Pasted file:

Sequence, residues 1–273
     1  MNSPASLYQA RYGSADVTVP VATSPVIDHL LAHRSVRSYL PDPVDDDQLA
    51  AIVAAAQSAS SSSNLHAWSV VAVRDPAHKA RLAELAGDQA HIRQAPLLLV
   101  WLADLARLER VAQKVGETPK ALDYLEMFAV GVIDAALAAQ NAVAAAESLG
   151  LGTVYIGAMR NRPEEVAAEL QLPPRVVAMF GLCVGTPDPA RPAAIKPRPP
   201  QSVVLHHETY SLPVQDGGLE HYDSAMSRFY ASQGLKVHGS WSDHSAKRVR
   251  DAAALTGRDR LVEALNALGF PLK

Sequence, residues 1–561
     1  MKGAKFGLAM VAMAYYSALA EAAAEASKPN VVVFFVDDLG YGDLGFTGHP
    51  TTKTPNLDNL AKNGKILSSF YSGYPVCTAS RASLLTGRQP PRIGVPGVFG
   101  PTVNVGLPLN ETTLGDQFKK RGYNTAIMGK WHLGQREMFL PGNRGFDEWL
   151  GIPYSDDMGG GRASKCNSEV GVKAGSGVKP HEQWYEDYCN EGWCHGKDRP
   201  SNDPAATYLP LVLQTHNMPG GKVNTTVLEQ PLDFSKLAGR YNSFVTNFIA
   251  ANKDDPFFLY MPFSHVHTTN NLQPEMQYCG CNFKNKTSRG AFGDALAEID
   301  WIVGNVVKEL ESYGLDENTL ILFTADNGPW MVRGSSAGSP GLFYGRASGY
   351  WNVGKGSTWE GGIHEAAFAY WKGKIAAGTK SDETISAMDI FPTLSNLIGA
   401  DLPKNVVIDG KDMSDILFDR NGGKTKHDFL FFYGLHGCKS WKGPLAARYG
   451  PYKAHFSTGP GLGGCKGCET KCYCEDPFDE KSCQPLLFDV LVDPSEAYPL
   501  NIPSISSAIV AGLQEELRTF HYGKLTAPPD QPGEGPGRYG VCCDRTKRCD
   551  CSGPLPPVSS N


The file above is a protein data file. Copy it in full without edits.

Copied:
Sequence, residues 1–273
     1  MNSPASLYQA RYGSADVTVP VATSPVIDHL LAHRSVRSYL PDPVDDDQLA
    51  AIVAAAQSAS SSSNLHAWSV VAVRDPAHKA RLAELAGDQA HIRQAPLLLV
   101  WLADLARLER VAQKVGETPK ALDYLEMFAV GVIDAALAAQ NAVAAAESLG
   151  LGTVYIGAMR NRPEEVAAEL QLPPRVVAMF GLCVGTPDPA RPAAIKPRPP
   201  QSVVLHHETY SLPVQDGGLE HYDSAMSRFY ASQGLKVHGS WSDHSAKRVR
   251  DAAALTGRDR LVEALNALGF PLK

Sequence, residues 1–561
     1  MKGAKFGLAM VAMAYYSALA EAAAEASKPN VVVFFVDDLG YGDLGFTGHP
    51  TTKTPNLDNL AKNGKILSSF YSGYPVCTAS RASLLTGRQP PRIGVPGVFG
   101  PTVNVGLPLN ETTLGDQFKK RGYNTAIMGK WHLGQREMFL PGNRGFDEWL
   151  GIPYSDDMGG GRASKCNSEV GVKAGSGVKP HEQWYEDYCN EGWCHGKDRP
   201  SNDPAATYLP LVLQTHNMPG GKVNTTVLEQ PLDFSKLAGR YNSFVTNFIA
   251  ANKDDPFFLY MPFSHVHTTN NLQPEMQYCG CNFKNKTSRG AFGDALAEID
   301  WIVGNVVKEL ESYGLDENTL ILFTADNGPW MVRGSSAGSP GLFYGRASGY
   351  WNVGKGSTWE GGIHEAAFAY WKGKIAAGTK SDETISAMDI FPTLSNLIGA
   401  DLPKNVVIDG KDMSDILFDR NGGKTKHDFL FFYGLHGCKS WKGPLAARYG
   451  PYKAHFSTGP GLGGCKGCET KCYCEDPFDE KSCQPLLFDV LVDPSEAYPL
   501  NIPSISSAIV AGLQEELRTF HYGKLTAPPD QPGEGPGRYG VCCDRTKRCD
   551  CSGPLPPVSS N